Our final destination during our stay was to visit the world famous “Pha That Luang” Buddhist Temple. The main monument at the Temple takes pride of place on the Lao currency and is regarded as the most important national monument of Laos. It’s a huge gold covered Buddhist stupa. Originally a Hindu Temple, and having survived throughout all of the wars, it is now the main Buddhist Temple of Vientiane. At the Temple we came across some Lao women selling tiny birds in small wooden cages. And so we bought some and immediately released the birds once we had the cages in our paws. Hopefully some good karma will befall us on our travels as a result  Another famous Monument we came across at this site was that of “the Reclining Buddha”. An enormously long Buddha sleeping on his side and a fabulous place to take some funny and amusing photos!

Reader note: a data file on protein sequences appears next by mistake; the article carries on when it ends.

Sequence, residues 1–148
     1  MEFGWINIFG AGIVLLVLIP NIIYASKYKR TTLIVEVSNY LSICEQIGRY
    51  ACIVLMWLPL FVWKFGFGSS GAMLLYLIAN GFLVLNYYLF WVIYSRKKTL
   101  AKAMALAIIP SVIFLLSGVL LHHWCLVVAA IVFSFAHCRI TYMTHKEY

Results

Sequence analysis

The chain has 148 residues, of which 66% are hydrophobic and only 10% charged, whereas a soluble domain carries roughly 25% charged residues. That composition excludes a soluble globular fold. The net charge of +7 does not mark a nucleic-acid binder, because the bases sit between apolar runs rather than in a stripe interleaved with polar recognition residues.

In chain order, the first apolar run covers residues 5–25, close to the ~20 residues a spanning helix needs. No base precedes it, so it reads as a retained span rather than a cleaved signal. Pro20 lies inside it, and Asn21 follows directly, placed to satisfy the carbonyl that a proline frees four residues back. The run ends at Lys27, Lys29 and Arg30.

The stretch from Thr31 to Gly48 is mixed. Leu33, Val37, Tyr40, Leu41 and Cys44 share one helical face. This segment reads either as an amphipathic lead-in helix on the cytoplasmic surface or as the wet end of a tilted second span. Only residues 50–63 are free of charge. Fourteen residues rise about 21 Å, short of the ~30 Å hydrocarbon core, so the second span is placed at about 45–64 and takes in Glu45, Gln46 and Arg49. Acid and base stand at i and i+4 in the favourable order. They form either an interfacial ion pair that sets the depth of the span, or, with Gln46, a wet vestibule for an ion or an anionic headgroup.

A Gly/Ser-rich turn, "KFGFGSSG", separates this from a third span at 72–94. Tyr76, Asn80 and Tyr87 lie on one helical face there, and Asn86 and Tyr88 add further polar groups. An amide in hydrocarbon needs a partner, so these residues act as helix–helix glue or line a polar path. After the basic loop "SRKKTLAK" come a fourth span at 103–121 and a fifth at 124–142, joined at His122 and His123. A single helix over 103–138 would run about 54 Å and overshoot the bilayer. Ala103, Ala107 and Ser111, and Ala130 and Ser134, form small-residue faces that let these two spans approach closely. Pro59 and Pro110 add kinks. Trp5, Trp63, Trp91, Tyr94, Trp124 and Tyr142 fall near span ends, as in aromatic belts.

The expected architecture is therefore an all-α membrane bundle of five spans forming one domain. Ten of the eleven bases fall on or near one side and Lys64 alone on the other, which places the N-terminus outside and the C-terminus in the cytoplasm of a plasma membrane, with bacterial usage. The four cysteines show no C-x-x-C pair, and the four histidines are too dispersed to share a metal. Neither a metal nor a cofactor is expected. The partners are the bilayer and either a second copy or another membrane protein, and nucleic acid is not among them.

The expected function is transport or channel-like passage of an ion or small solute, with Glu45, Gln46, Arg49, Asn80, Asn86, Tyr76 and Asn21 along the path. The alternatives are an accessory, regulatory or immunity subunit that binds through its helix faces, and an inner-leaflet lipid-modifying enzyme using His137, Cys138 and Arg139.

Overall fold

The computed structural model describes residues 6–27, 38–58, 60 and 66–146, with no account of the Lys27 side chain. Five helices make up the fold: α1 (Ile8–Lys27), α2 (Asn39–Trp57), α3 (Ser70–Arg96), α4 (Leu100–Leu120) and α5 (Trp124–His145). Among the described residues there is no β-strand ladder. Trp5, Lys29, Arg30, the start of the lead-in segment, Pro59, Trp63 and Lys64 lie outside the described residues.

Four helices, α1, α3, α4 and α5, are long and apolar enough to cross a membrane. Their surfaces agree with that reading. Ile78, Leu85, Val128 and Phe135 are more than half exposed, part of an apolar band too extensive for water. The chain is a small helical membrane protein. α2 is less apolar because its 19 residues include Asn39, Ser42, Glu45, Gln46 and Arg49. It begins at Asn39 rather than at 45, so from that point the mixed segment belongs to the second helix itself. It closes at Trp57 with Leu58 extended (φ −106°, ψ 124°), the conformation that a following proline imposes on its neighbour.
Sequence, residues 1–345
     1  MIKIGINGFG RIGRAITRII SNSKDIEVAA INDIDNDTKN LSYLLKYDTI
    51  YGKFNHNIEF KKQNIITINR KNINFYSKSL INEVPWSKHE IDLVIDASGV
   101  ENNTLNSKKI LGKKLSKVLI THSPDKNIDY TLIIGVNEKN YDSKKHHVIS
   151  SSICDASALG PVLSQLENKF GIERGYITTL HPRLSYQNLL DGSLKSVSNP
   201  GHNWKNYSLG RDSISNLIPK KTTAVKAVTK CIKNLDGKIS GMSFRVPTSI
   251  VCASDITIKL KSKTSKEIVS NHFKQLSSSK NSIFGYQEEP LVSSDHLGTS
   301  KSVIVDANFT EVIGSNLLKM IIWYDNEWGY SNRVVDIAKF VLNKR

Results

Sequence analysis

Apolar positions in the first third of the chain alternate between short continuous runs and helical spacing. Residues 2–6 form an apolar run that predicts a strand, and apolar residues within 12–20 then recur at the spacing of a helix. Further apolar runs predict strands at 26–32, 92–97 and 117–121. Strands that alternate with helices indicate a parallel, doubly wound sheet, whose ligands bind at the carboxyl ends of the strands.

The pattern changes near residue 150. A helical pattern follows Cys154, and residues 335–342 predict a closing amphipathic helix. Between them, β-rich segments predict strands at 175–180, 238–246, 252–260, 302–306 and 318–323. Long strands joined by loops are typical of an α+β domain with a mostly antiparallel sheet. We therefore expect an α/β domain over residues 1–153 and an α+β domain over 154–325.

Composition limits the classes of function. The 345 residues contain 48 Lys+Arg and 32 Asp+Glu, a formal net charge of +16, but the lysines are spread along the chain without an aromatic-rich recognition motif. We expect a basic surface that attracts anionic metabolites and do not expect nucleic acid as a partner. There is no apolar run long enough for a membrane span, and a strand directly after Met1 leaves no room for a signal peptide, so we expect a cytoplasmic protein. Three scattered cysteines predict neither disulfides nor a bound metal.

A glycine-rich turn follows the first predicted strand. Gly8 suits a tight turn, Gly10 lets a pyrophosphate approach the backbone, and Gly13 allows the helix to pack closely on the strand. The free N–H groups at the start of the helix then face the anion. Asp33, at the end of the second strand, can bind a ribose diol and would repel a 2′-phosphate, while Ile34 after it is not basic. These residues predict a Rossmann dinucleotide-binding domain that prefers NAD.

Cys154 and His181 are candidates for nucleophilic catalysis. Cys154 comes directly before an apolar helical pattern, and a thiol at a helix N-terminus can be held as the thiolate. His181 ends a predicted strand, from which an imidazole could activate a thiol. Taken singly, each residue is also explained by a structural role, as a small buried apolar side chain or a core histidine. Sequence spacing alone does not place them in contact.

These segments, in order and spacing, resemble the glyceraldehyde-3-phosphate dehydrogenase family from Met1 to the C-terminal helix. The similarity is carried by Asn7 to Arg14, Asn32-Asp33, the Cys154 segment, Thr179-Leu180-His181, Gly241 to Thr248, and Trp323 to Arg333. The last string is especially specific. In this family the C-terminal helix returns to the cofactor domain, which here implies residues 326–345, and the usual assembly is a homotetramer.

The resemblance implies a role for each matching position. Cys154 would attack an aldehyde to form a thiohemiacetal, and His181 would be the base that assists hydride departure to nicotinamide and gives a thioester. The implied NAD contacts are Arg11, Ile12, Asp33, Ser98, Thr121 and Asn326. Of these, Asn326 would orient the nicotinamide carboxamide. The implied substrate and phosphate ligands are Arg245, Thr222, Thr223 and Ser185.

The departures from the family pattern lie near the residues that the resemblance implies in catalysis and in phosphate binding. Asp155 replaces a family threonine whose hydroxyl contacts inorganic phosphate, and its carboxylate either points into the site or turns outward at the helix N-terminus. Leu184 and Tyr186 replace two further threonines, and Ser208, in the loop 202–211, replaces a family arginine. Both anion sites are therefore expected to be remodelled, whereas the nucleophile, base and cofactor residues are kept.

We eventually drummed up to courage to taste the local dishes and tried out the most famous dish of Laos. Sticky Rice! I was somewhat apprehensive about eating it, but when I did, oh wow! I had it for breakfast, dinner and tea. There is quite a complicated process involved in getting it from the kitchen to the table in its exquisite bamboo basket. It is a particular rice only available in Laos, and it is steamed in a small cylinder shaped basket made of bamboo with a lid tightly covering it. When it’s cooked, you basically dive in with your fingers and pluck a piece out and dip it in the local sauces that come with it. It is scrumptiously sweet and mouthwateringly tasty. Beef Lok Lak was another dish that became part of our daily diet. The peppered sauces mixed with beef and fresh tomatoes on a bed of rice was to die for!